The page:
offered by the walls of the very small canals of the cochlea and the structures contamed withm them.

As noted above, the size and volume of the tectorial membrane so increases in passing from the basal to the apical end that the volume or load carried by a given short length of the apical end is about 40 times that carried by the same length of the basal end. This increase seems to occur uniformly throughout, or perhaps a little less rapidly through the basal turn of the coil. It is noted that these variations in the proportions of the tectorial membrane are far greater than can be claimed for any other structures of the cochlea, especially the basilar membrane. Increase of volume or the load carried by a structure means increase of its inertia. The much thinner and narrower basal end of the tectorial membrane extends in the region of the fenestra vestibuli (ovalis) , or the region at which the vibrations are imparted to the endolymph by the basis of the stapes. Obviously, a thin, narrow strip offers less resistance to agitation than a thicker, broader strip of the same material. Thus, the thin, narrow basal end of the outspanning or vibratory zone of the tectorial membrane may be thrown into vibration by notes of such high vibration frequencies as would be wholly damped out in overcoming the inertia alone of a more voluminous portion of the membrane. The volimie of the outspanning zone of the membrane increases with its distance away from the basis of the stapes and, therefore, among the appreciable sounds of higher vibration frequencies, those of different frequencies must be capable of throwing into vibration different lengths of the membrane, beginning at its basal end. The resistance offered by the endolymph and walls of the labyrinth, as well as the inertia of the membrane itself, contribute to their being damped out at their respective distances toward the apex of the cochlea. Since vibrations of higher frequency are damped out more quickly in transmission through a medium, there may be sounds whose vibration frequencies as imparted to the endolymph are such that they agitate the basal end of the membrane alone sufficiently for the required impingement against the hairs of the hair cells. And, of course, there must be vibration frequencies of similar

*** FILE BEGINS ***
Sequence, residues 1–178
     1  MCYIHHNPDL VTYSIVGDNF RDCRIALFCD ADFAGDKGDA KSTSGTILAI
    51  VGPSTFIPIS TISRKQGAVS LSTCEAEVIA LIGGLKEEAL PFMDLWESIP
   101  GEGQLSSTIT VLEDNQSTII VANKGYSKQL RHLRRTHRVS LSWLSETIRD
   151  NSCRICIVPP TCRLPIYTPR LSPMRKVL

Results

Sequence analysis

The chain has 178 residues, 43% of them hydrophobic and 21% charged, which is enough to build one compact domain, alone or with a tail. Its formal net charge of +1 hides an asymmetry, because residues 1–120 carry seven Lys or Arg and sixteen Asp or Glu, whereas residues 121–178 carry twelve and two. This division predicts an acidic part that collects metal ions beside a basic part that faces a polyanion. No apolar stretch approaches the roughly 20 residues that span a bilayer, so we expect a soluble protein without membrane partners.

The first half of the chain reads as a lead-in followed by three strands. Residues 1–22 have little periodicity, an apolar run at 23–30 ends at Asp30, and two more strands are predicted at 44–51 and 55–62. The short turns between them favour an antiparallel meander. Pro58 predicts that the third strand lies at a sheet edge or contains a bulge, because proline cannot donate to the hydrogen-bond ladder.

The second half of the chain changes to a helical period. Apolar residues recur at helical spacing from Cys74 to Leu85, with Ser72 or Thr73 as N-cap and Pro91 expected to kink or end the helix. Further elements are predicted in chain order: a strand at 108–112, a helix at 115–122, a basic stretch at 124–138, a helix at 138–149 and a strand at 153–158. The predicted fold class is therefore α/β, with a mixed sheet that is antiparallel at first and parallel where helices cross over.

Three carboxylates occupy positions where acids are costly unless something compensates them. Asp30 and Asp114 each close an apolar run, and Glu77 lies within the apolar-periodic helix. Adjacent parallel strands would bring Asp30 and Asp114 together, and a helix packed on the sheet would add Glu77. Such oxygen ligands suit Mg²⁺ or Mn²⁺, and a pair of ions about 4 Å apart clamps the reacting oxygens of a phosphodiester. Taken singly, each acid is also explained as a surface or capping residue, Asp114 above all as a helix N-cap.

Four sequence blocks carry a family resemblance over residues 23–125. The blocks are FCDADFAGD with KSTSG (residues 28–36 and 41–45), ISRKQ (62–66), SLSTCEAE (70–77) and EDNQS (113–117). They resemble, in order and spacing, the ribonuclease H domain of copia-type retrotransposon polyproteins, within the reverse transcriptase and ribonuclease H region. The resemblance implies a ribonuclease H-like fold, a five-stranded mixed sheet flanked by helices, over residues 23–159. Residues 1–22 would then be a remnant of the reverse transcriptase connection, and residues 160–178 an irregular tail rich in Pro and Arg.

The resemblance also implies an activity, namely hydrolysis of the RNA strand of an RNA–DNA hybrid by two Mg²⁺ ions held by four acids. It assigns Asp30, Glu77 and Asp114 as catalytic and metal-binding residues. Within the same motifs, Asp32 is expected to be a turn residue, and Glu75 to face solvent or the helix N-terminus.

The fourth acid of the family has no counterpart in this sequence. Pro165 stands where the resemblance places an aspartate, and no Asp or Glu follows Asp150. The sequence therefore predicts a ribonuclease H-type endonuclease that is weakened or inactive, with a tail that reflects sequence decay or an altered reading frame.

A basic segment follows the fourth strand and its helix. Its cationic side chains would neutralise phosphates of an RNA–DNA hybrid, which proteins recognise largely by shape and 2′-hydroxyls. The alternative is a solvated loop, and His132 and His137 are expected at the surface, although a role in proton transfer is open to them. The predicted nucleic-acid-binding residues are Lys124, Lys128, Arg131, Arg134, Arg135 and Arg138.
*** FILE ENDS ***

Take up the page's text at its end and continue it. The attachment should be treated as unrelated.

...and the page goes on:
character but so high as to be damped out by the other structures of the auditory apparatus to an extent rendering them unable to produce effective stimulation of any of the hair cells at all. It is stated that the auditory apparatuses of certain individuals are capable of appreciating higher pitches (vibration frequencies) than others and that certain species of animals have an auditor^' range including high pitches not heard at all by other species. It is suggested by the model that the lower vibration frequencies may affect all auditory apparatuses. The range of the model extended no higher than the note / above 'middle C. Considering its relatively enormous size and coarseness of constuction, it is interesting that it had a range so high, even though the end of the horn was inserted directly into the external meatus.

The quality of a note is supposed to depend upon the form of the wave-motion producing it. The peculiar form of a vibration must be represented in its transmission to the endolymph as well as its amplitude and frequency, and the consequent fonn of the undulations of the tectorial membrane while striking the hairs of the hair cells must give rise to interpretations of quality by the central nervous system. Sensations of pitch must be determined by the number of stimuU appHed in a unit of time upon a unit area of sensory surface, that is, by frequency of vibration. Also, among the higher frequencies, it may depend somewhat upon the extent of the sensory surface involved by a given sound : the greater the extent, the lower the note. Intensity of sensation must depend upon the force of the impingement of the hairs of the hair cells (amplitude) and also upon the extent of the sensory surface involved. Of two sounds of the same vibration frequency , that of the greater intensity involves the greater extent of the tectorial membrane. It is suggested that sensations of intensity and quality of sound are produced in ways entirely comparable with those recognized for the other organs of special sense, namely, in all the interpretation of the sensations is correlated with the number, quality and intensity of the stimuli and the area of sensory surface involved.